Interview

“You have to be aggressive online”

Crowdfunding demands a well-planned communication strategy, explains Daniela Castrataro, co-founder of the Future of Crowdfunding conference.

More than 63,000 projects have been funded through the online crowdfunding platform Kickstarter, for a total of more than $1.1 billion. Among these, 66 managed to raise more than $1 million, including Oculus Rift (virtual glasses), Pebble (a watch) and Pono Music (a high-quality MP3 reader). “Crowdfunding is democratising capital” by raising small amounts of money from large numbers of people, says Daniela Castrataro, Italian ambassador of the Crowdfunding Network.

Technologist: What should a start-up do for successful crowdfunding?

Daniela Castrataro: You have to be really aggressive online. The crowdfunding strategy must be at the heart of the start-up’s business model. It has to be active, communicating on a maximum number of virtual and physical platforms.

T. How do you create a successful communications campaign?

D. C. Speed is the operative concept. You can’t let more than 24 hours go by before answering a donor’s message, or they will lose interest in the project or think that the start-up is not serious. The campaign must have a face: the start-up’s founders must be involved in the project and not settle for delegating the job to an intern, which is often the case. Many entrepreneurs just describe their project in a few sentences and then expect hundreds of millions of euros to fall into their laps. It doesn’t work that way.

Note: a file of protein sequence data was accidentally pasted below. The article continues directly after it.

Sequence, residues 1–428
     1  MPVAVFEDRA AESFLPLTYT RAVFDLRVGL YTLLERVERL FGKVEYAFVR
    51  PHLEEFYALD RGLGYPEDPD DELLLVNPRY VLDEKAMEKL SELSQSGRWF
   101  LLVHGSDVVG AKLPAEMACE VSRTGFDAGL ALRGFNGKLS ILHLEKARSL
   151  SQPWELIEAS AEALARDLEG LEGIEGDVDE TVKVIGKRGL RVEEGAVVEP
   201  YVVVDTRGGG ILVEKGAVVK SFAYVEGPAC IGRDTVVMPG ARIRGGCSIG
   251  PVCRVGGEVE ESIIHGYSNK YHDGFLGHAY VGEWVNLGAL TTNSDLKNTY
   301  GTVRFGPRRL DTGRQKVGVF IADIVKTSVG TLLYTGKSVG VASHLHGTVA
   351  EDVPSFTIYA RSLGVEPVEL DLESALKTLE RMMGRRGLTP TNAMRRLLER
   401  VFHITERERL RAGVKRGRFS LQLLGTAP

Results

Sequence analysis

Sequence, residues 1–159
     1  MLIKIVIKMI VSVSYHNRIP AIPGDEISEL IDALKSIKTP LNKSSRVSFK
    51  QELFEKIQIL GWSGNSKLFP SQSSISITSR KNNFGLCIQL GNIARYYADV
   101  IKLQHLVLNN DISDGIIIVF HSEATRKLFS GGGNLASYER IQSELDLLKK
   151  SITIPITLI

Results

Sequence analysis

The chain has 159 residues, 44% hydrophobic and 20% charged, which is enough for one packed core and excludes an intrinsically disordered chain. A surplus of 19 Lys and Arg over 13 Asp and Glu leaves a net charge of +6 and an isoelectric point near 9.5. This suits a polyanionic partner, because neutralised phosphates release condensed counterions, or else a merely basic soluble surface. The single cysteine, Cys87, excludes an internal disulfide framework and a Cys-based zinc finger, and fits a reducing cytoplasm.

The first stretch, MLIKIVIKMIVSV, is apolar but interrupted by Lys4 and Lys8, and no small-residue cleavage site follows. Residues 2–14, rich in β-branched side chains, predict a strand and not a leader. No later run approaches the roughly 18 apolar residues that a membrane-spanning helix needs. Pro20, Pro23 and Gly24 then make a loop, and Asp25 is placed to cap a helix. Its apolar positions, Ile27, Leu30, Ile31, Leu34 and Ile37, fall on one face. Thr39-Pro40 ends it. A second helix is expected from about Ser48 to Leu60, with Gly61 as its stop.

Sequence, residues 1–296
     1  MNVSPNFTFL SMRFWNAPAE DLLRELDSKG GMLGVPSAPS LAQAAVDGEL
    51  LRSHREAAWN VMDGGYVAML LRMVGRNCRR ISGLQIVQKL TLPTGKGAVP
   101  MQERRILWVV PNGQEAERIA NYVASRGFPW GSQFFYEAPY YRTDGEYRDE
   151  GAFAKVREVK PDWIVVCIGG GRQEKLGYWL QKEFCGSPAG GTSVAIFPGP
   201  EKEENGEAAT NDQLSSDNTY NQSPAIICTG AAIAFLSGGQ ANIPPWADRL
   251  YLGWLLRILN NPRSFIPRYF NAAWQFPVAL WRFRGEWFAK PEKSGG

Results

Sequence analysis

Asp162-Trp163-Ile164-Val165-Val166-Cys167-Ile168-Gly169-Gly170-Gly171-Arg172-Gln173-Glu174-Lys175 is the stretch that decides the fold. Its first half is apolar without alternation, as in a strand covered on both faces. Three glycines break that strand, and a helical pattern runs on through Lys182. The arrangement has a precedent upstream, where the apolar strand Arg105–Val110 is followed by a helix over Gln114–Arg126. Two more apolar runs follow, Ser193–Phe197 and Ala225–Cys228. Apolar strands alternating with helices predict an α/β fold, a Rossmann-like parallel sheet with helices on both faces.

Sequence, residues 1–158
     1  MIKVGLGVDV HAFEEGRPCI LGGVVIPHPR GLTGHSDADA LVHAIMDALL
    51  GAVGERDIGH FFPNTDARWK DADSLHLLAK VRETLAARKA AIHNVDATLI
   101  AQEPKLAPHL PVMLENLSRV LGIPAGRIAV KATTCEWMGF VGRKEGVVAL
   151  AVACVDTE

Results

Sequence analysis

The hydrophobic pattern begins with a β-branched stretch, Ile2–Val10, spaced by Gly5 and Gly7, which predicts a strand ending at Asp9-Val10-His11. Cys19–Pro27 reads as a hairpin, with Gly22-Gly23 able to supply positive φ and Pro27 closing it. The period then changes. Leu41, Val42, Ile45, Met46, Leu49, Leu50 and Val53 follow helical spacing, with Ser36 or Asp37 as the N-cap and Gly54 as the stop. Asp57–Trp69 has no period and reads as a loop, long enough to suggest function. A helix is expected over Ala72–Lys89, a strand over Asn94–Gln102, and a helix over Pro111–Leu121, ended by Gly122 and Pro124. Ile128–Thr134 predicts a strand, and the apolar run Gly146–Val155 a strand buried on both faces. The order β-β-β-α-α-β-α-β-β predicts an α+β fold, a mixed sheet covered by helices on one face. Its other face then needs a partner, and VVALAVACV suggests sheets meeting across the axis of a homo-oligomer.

T. Is there a secret weapon for a successful crowdfunding campaign?

D. C. Video. Describing a project with a video radically increases its chance of success.

T. Does a campaign bring more than just money?

D. C. It creates a community around the product. Donors will validate and spread the word among their peers, which is essentially a free marketing campaign.

T. The most popular platforms in Europe, Kickstarter and Indiegogo, are American. Is this a problem for European start-ups?

D. C. You have to have a U.S. bank account, which costs time and money. In general, European platforms have less success because they have to adapt to various national regulations. On Seeder (UK) and Ulele (France), you have to register your company in every country, which is complicated and expensive.

T. Oculus Rift was recently bought by Facebook for $2 Billion, but donors who sponsored the project got nothing from the deal.

D. C. An alternative called “equity crowdfunding” lets you invest in a company and buy shares. But in Europe, only Italy has a law governing this. France and England are leery of going this route. Without legislation, companies and investors are not protected. This cannot continue.

Daniela Castrataro (co-founder of the Future of Crowdfunding conference)

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